The business school world is constantly buzzing with change and innovation. Each week, in addition to our regular news posts, we briefly touch on a few notable stories from this dynamic field in one roundup. Here is what caught our eye this week:
- The MBAs of 2035 or 2040 might still be kids today—but not all of them should have to wait to pursue a business education, one professor says. Mark Watson-Gandy, an insolvency lawyer based in the United Kingdom, has launched an MBA aimed at children ages 12 to 15. Watson-Gandy told Forbes that he founded Kids MBA Ltd to help his students understand the “skills and knowledge they will need in real life.” He explained that he believes budgeting, marketing, and account keeping are vital skills for children to learn. The lessons will incorporate such learning techniques as role play, games, and discussions.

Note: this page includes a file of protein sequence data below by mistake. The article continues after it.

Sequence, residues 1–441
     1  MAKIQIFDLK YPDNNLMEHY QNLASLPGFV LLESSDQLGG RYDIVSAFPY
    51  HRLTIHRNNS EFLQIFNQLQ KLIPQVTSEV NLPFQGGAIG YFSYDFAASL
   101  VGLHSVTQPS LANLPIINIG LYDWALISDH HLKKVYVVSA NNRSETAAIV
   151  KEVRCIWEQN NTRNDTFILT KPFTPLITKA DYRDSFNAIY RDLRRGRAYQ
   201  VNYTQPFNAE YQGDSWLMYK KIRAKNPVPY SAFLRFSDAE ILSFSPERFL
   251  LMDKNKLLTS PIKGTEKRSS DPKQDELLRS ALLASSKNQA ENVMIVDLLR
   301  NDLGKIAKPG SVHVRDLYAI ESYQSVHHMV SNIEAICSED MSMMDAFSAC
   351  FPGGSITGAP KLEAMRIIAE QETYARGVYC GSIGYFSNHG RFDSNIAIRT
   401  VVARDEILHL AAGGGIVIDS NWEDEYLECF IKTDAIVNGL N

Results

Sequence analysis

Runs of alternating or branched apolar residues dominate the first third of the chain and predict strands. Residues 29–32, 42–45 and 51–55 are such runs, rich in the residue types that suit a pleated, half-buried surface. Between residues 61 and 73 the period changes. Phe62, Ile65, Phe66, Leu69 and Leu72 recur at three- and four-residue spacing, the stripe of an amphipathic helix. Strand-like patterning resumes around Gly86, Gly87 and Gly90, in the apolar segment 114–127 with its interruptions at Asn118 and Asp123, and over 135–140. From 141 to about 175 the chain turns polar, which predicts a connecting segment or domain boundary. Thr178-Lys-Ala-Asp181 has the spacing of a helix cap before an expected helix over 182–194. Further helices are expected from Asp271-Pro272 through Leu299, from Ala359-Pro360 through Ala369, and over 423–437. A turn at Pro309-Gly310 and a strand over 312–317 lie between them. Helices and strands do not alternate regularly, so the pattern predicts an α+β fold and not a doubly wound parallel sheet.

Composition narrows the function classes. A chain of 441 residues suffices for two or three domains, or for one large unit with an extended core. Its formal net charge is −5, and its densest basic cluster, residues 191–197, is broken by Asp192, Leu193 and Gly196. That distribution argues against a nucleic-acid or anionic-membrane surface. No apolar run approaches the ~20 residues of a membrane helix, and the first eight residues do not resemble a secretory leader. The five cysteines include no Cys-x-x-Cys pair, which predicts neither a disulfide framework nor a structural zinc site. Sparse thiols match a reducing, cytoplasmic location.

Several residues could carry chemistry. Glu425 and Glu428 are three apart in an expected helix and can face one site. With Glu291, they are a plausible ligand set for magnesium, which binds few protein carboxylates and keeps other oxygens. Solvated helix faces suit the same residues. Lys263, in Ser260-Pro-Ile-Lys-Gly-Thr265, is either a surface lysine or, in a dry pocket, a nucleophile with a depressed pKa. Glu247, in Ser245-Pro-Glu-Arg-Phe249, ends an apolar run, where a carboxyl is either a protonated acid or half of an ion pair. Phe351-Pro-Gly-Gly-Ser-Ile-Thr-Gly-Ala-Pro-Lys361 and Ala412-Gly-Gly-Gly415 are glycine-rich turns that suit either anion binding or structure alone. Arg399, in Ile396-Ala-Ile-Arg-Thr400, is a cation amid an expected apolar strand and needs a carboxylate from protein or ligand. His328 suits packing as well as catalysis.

- Is the time-consuming nature of business school making you hesitant to apply? If so, perhaps consider a self-paced program instead of a traditional one. Such schools as the Kenan-Flagler Business School at the University of North Carolina at Chapel Hill offer this option, which often allows students to work full time while pursuing their degree, in addition to offering more flexibility in course selection. According to U.S. News & World Report, self-paced MBA programs are slowly gaining popularity: 37% of such programs recently saw an increase in applications.
- Millennials are currently at what is largely considered a fitting age for pursuing both an MBA and entrepreneurship. But is the former necessary to pursue the latter? Author Kallen Diggs explored this question in a recent Huffington Post blog post, noting that while some believe entrepreneurship cannot be truly learned inside a classroom, others claim having a business degree can help with such aspects as building confidence in oneself. Diggs quotes Wharton MBA and co-founder of Internet marketing service Curalate, Apu Gupta: “I have always found it odd that people go to business school to study entrepreneurship. If you want to study entrepreneurship, you need to go and be an entrepreneur.”